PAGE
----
Mr. Holdridge is Staff Director of the WTEC/JTEC Program, funded by the National Science Foundation under a grant to the International Technology Research Institute at Loyola College in Baltimore, Maryland. He manages the day-to-day affairs of the JTEC and WTEC programs at ITRI. Prior to coming to Loyola in 1989, he served as a Special Assistant to the Division Director for Emerging Engineering Technologies (EET) at NSF, where he helped manage the JTEC program at NSF. In a special assignment for the EET Division in 1987-88, he prepared a report on the long-term industrial consequences of a loss of U.S. competitiveness in the memory chip market as part of NSF's contribution to an inter-agency study on the status of the U.S. semiconductor industry. Mr. Holdridge has also worked as Staff Consultant for the National Academy of Sciences' Panel on the Impact of National Security Export Controls in International Technology Transfer (also known as the Allen Panel). He holds a B.A. in History (specializing in 20th Century East Asia) from Yale University.
Dr. Salmon recently completed a tour as the director of the solid state and microstructures program for the National Science Foundation. In that capacity, he directed NSF funding of research in electronic materials, semiconductor manufacturing, advanced processes, electronic packaging, and microelectromechanical systems. Dr. Salmon came to NSF from Brigham Young University, where he has now returned to his position as Associate Professor. His current research interests include applications of MEMS to microsatellites and micro-power sources. Previously, he was Director of GaAs Engineering at Rockwell International, where he directed the development of advanced designs and processes for III-IV integrated circuits and multichip packaging. Earlier he was head of GaAs Technology and Molecular Beam Epitaxy Sections at Hughes Research Laboratories. He received his B.S. degree in Physics from Stanford University, M.S. degree and Ph.D. in Applied Physics from Cornell University.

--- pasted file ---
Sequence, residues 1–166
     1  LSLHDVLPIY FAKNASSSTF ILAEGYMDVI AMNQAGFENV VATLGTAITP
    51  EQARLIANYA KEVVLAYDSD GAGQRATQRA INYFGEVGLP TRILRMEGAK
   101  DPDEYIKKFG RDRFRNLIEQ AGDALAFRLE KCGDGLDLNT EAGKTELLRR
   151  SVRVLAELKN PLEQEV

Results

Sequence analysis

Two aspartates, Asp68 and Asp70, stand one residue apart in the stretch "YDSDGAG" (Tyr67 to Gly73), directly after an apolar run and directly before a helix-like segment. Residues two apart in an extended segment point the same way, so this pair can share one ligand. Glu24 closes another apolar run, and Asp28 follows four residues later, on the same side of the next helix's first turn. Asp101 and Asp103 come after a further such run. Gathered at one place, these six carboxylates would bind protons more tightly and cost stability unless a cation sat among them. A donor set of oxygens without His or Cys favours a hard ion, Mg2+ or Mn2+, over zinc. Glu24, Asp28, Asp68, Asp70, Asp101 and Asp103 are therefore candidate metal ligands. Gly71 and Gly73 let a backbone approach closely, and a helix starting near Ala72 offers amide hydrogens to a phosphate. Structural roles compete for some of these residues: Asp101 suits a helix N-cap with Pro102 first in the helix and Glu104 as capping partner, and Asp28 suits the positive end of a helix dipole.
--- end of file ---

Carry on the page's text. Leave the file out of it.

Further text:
Cecil H. Uyehara, President of Uyehara International Associates, is a consultant in the Washington D.C., area on U.S.-Japanese relations (science and technology). He served in the U.S. government for almost twenty-five years with the Air Force (weapons systems planning), the Office of Management and Budget (military assistance), and the Agency for International Development (AID). He has published works on Japanese politics, scientific advice and public policy, and Japanese calligraphy. He organized the first U.S. Congressional hearings on Japanese science and technology, lectures at the U.S. Foreign Service Institute on Japanese science and technology, and served as a consultant to the Yomiuri Shimbun and to the Library of Congress on Japanese calligraphy. He received his B.A. degree from Keio University (and his M.A. degree from the University of Minnesota, both in Political Economy, and has received awards and grants from the Ford Foundation, American Philosophical Society, University of Minnesota (Shevlin Fellowship) and the National Institute of Public Affairs.